I’ve been divorced for over three years with two teenage sons adjusting to all the changes.
I’ve worked in a largely male-dominated field (advertising) so it was easy for me to meet men. Also, my father, brother and my ex have all been ambitious businessmen, so I thought I had a clear idea of what to seek in my next serious relationship.
To my surprise, I’m attracted to a very different sort of man.
He works in a demanding field but is a social-minded thinker and cares about other peoples’ needs. His core values greatly appeal to me.
He divorced four years ago. He works hard and shares custody of his two daughters.
Due to the pandemic and resulting restrictions, we haven’t had much chance to experience what getting together as a couple would mean.
Between lockdowns we were able to “bubble” together with just each other over half a dozen weekends. Otherwise, we just chat online, write long emails, have even longer phone conversations.
Our kids met each other once, but we felt it was too chancy regarding Covid, since they also have bubbles with their other parent and school-related friends.
We love each other and both want this to be a permanent live-together future. How do we arrange during the pandemic to make this happen?
Or, is the coronavirus going to keep us apart too long to sustain our feelings when we have so little chance to develop them further?
You’re already on the right path. Your appreciation of your boyfriend’s values is an important factor towards a rewarding future.
You’ve already been doing the best you can under the circumstances while modelling for your children the respect/ trust you’re both bringing to this relationship. That should help in the transition to living together.
Be patient, that time will come. Meanwhile, your long chats and discussions on a broad range of topics, are a necessitated version of dating at this time.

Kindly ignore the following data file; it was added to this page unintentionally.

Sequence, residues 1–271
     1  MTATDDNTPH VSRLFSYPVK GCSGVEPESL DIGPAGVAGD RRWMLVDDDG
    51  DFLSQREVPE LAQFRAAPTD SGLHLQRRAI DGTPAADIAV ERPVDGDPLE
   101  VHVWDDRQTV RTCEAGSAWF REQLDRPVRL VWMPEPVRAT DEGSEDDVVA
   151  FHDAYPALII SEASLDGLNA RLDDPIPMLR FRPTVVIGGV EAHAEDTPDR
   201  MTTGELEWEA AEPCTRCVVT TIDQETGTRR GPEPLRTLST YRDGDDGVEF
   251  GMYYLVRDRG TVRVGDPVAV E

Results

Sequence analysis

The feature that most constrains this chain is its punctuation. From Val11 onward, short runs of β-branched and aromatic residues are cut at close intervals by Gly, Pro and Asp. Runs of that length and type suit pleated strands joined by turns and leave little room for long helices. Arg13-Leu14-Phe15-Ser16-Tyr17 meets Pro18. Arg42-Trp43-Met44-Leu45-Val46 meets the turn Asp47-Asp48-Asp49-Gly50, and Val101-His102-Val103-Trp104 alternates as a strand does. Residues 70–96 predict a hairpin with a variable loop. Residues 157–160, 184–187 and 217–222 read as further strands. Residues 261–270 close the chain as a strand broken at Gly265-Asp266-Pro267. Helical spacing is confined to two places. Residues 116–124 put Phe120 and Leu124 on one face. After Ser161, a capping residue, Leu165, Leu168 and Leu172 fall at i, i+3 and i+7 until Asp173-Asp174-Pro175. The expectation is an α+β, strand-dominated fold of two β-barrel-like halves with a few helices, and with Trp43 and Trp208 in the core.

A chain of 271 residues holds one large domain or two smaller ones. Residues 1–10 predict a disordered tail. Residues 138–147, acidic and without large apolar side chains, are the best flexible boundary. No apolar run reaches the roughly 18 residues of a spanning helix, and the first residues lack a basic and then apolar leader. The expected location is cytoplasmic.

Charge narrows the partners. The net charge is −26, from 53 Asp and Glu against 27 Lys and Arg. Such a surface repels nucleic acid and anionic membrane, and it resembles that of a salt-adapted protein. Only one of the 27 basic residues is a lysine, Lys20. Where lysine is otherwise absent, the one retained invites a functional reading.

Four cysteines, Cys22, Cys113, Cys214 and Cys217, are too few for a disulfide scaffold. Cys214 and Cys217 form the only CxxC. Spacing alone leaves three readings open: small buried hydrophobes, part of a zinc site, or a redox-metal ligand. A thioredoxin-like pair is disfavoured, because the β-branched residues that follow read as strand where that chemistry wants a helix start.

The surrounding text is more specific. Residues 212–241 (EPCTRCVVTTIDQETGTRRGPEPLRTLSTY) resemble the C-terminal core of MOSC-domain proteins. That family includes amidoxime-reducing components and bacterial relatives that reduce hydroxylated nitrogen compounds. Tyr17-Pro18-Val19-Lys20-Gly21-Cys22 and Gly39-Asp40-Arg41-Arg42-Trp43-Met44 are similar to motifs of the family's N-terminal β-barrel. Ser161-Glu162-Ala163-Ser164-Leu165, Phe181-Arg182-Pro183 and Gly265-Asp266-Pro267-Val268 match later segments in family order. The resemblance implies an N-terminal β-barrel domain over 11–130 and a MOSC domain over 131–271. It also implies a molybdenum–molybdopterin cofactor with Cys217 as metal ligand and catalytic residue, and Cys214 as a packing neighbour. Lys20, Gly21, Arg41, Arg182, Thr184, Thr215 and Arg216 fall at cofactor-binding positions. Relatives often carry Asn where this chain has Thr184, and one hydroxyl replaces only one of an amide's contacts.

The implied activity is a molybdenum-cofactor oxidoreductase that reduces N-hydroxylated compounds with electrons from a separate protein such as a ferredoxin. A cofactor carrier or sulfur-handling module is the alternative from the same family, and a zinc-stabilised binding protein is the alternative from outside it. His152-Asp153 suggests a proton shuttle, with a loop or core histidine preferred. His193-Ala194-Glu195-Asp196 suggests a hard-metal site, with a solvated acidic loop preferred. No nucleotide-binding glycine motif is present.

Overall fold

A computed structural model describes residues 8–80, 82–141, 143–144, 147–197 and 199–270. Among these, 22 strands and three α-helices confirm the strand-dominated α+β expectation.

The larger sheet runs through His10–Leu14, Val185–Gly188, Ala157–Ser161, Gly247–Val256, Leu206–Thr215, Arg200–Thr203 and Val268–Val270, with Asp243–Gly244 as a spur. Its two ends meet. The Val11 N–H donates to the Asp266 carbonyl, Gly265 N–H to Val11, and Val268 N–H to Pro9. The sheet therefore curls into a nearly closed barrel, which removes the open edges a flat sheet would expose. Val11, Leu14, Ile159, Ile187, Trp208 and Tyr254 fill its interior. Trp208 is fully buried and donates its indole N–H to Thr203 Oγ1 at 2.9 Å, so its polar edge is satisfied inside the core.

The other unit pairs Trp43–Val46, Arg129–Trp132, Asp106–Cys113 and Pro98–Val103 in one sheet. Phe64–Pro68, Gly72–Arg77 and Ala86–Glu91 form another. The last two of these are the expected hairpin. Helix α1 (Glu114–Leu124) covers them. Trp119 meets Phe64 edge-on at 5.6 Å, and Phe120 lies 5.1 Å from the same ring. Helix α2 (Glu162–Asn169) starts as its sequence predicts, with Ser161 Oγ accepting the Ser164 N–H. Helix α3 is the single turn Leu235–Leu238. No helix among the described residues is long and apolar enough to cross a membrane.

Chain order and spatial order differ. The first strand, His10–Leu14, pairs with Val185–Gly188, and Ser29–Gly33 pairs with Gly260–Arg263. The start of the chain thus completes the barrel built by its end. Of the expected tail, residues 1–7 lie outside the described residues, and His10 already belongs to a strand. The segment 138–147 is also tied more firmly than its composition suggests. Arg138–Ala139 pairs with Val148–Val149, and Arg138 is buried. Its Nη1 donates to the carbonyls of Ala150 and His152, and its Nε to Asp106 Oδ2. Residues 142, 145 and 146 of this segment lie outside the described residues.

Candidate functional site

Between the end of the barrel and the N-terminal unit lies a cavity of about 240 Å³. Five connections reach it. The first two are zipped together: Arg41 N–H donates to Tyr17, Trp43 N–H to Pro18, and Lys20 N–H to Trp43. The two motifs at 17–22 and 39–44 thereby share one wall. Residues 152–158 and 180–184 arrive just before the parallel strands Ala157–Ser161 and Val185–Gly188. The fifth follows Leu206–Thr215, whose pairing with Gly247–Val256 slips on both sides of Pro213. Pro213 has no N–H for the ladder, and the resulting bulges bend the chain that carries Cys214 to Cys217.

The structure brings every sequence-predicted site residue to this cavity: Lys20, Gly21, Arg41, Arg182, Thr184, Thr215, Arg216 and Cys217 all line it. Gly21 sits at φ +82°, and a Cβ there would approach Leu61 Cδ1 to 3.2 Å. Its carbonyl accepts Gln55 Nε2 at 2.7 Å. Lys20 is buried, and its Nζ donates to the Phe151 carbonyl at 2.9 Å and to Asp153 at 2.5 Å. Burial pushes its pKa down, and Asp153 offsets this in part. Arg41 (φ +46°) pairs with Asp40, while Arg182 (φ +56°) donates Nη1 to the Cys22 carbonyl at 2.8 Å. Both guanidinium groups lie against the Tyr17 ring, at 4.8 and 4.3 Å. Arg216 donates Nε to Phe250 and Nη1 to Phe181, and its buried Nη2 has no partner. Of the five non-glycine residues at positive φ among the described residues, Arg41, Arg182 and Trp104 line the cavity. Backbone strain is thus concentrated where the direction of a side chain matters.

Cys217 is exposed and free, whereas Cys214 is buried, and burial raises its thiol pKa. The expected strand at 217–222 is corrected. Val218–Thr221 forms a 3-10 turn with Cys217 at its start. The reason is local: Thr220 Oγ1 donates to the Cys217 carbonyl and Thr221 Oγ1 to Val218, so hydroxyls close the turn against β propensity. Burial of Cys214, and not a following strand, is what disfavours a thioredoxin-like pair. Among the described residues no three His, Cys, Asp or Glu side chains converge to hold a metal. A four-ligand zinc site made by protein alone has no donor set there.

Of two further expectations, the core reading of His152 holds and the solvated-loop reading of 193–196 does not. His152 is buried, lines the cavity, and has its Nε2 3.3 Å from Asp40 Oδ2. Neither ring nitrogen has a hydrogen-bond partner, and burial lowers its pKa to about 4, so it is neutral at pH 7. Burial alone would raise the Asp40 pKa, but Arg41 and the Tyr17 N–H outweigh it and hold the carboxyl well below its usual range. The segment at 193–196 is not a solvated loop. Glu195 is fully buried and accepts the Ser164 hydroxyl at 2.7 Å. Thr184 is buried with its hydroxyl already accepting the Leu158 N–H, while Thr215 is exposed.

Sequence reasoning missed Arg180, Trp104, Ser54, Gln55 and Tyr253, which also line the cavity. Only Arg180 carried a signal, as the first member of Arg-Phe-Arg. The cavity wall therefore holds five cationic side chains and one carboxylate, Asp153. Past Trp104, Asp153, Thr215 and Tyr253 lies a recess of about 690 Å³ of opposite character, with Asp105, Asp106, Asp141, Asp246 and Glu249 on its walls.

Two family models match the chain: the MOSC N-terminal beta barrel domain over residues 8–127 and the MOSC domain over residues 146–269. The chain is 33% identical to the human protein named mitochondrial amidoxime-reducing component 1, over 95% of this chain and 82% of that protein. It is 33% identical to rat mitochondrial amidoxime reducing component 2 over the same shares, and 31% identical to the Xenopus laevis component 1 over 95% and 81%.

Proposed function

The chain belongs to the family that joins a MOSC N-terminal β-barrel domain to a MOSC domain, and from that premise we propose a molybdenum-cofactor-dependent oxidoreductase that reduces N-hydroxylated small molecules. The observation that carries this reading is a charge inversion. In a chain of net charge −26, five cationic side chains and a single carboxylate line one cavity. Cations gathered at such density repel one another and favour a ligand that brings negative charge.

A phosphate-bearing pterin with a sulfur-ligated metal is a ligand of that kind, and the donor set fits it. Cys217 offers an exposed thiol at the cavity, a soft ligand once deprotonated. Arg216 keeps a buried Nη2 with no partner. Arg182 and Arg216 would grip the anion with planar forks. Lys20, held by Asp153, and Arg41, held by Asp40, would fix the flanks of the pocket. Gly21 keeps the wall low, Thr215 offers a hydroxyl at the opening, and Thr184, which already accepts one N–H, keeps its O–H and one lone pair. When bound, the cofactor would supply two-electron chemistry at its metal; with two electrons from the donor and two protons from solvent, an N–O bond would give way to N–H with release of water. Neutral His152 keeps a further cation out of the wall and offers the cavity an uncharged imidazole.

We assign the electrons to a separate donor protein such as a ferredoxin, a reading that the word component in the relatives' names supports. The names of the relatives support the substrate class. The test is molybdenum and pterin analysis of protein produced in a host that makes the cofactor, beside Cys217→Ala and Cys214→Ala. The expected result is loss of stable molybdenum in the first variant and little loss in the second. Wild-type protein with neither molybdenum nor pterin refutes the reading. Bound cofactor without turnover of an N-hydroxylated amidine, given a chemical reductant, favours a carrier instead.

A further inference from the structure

There’s every sign here that you two will share the future as soon as possible.
My friend who lives in another city recently lost his wife (a second marriage for both).
She had started dementia ten years ago and declined into Alzheimer’s Disease. She died at 74.
I was sorry to learn over the years that while he informed her adult children that their mother was losing many capabilities, they rarely visited her.
A daughter and son live here, another son lives overseas.
When their mother’s condition worsened, her husband informed them that he was caring for her full-time and asked them to visit her.
Only one visited and stayed less than an hour.
My friend eventually hired caregivers to help him keep his wife at home.
When she died, I read the local obituary written by the children. They thanked the husband briefly and related tales of their mom only from the past.
I feel disgust for them, having given no help to the man who kept her safe, cared for, healthily fed, and calmed when she became frightened and agitated.
What are your thoughts on my expressing my feelings to these cold offspring?
There’s nothing to be gained here but more bad feelings all around.
Instead, support your friend. Visit him if possible or contact him virtually. Listen to his story as he airs his grief. Encourage him to also talk about their good years together. That’s what friends are for in times of loss.
My husband lost several family members, including his parents, this year. I’m wondering why some relatives haven’t called/texted/sent a card.
If they sent condolences to his siblings, they haven’t let us know. How do we tactfully ask if someone did so and addressed it to the whole family?
Since everyone has email/text they could’ve sent a message to each sibling as we know them all. We always send condolences to our relatives individually.
None of us live close by. We can’t formally have a service.
Various family members informed all the relatives about the deaths. Is the etiquette now to just send to one person and hope they pass on the message?
Confused and Hurt
In a difficult year for everyone, etiquette’s less top-of-mind. Without services, funerals, mourners’ gatherings, each loss is borne more individually than ever before.
Be the one to reach out, with a message of the parents’ passing and hopes for other relatives to stay safe.
Tip of the day:
With love, shared values, and children’s interests in mind, living together is worth waiting for during this pandemic.